I leave you with the king of cigar smoking, Rob Perlman

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You trying to say something with that large guage cigar?
October 6, 2016, 3:35 pm
Filed under: Uncategorized

Why smoke a super thick cigar? Are people trying to make a point? Do they have a fetish issue that’s unresolved? Do they just need as much nicotine at one time as humanly possible???? Nay, I say. Well maybe some guys are like that but there are some very good reasons for smoking a cigar on the larger end of the spectrum. 

I first tried a larger ring guage when Oliva first premiered the Nub. I saw these tiny but thick cigars and asked my cigar proveyer (Dave) “what the fuck are these? Who the hell is going to smoke a quarter of a cigar?”. He stopped me there with my stupidity and laid some knowledge on me. Dave told me “thicker cigars will burn cooler since they have more area to burn, thus giving you less mouth burn and thus allowing you to smoke a cigar down to the “nub”.” So I totally just made Dave sound more elequent than he is but the same message. 

the Camaroon is my fav


So these wide cigars burn cooler? Yes, and they also burn slower. So a tiny, thick cigar like the Nub can last you 40 minutes or more. So now imagine a full size cigar with a 60 ring guage??? Insanity! You’d be smoking that for hours. And some people do and some company’s make them. Some companies exclusively only make giant sized cigars (cough, Boheimian, cough) while others now provide their time tested blends in larger sizes (yeah, I’m looking at you, C.A.O. and your delicious Flathead).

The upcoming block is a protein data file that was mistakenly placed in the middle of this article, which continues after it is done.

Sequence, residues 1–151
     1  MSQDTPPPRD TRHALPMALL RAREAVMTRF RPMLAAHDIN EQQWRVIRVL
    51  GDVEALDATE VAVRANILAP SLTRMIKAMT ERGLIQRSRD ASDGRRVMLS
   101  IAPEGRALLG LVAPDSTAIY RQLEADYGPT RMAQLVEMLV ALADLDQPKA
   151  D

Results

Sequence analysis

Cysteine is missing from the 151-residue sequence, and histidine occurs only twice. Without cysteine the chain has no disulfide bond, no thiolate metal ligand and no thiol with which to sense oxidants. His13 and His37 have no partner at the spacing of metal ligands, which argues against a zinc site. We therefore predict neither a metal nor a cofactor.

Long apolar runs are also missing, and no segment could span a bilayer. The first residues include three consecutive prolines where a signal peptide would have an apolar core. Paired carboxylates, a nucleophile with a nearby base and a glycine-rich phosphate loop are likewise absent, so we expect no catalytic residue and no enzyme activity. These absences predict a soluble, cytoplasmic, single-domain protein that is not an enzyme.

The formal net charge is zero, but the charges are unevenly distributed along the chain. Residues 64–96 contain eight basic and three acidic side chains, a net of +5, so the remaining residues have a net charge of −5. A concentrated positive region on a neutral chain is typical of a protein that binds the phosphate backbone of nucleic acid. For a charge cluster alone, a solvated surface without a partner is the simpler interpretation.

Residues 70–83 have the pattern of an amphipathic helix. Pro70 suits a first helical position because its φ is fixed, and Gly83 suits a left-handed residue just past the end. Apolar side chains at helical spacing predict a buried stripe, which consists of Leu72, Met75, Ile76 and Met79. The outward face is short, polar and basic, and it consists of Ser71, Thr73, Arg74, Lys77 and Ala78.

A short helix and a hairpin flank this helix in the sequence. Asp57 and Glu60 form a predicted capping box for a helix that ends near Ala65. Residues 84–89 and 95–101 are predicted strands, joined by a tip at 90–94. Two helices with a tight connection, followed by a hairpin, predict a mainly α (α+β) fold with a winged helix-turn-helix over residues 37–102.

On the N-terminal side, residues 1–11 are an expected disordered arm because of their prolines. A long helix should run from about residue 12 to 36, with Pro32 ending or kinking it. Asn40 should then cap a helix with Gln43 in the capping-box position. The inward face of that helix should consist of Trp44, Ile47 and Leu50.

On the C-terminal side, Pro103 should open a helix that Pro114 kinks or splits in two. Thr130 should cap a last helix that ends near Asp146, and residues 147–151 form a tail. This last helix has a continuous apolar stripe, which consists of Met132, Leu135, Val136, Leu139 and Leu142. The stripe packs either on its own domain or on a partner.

its a monster Maduro!


So to end this, don’t be scared to try a large ring guage. You’re going to be poised to drop some knowledge of science on people when they build up the courage to ask you about your impressive girthy cigar. 



A few for the road
April 13, 2016, 9:18 pm
Filed under: Uncategorized

I stopped into my local shop just the other day and picked up these three beauties:   

What you see there (from left to right) are the C.A.O. Pilón, the C.A.O. Flathead V660 Carb, and finally the Perdomo Habano Bourbon Barrel-Aged Maduro. Try saying that last one three times fast!